How AI Can Streamline Medical Note Taking

Recently I wrote about a fascinating project that was monitoring the calls made to emergency dispatch teams for signs of cardiac arrest.  The company, known as Corti, have developed an AI assistant that will analyze calls to ambulance dispatchers in Denmark to listen out for clues that point to the caller suffering a heart attack.

Whilst such voice analyses are far from commonplace, there are signs that they are becoming more widespread.  The latest example comes via Nuance Communications, who have recently announced a report documenting their work with the Emergency Department (ED) at South Tees Hospitals NHS Foundation Trust.

The paper highlights how clinicians felt that speech recognition technology was 40% faster than writing clinical documentation by hand.  When this saving was extrapolated over the course of a full year, it would equate to gaining nearly two full-time clinical staff.

Streamlining note taking

Medical notes are a huge part of any health professionals job, with estimates that nearly 50% of a doctor’s time is spent documenting clinical processes.  What’s more, a further 52 minutes is spent searching for information that either isn’t captured in the record or isn’t easily searchable.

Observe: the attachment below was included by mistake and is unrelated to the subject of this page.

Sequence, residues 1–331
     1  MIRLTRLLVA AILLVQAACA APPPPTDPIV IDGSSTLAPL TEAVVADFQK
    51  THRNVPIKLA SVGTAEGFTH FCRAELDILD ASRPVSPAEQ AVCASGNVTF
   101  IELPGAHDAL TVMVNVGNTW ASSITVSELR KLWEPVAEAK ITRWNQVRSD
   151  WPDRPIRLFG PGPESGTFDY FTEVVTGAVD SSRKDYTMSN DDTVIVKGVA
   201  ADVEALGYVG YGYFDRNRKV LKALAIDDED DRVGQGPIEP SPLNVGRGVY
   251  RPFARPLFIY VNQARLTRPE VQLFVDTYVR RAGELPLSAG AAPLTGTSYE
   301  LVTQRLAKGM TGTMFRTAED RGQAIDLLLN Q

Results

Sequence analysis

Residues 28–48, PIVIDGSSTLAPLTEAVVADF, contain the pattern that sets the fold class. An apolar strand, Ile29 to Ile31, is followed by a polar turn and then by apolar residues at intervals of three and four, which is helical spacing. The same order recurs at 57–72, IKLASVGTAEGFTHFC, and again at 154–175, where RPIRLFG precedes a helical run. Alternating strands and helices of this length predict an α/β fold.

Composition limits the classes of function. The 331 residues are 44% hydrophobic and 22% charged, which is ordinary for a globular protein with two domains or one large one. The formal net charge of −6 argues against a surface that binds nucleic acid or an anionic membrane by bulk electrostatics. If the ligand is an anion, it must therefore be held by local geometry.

I suspect few would doubt the potential time savings of having an automated voice annotation system for medical notes, but question marks have lingered over the accuracy of such systems.  If time is required to fact check for accuracy of annotations, it defeats the very point of the systems.

The research saw clinicians at the hospital use Nuance Dragon Medical speech recognition software to speed up the recording of notes into the electronic patient record system used in the ED.  The average time saving was around 3 minutes per patient, with the clinicians happy with the quality of the annotation.  Some 86% of the clinicians using the software thought it resulted in more comprehensive notes being taken, with 90% saying that notes improved in quality compared to when they were hand written.

“Speech recognition has transformed our ED, releasing our doctors and nurses from the shackles of clinical documentation and enabling them to spend more time treating patients,” the hospital say.

Other findings from the report include:

  • Speech recognition is now the clinicians’ preferred means of capturing clinical documentation into the EPR across ED
  • All clinicians reported that the speech recognition deployment in ED had a positive impact
  • Most (67%) of clinicians believed patients had no concerns with their use of speech recognition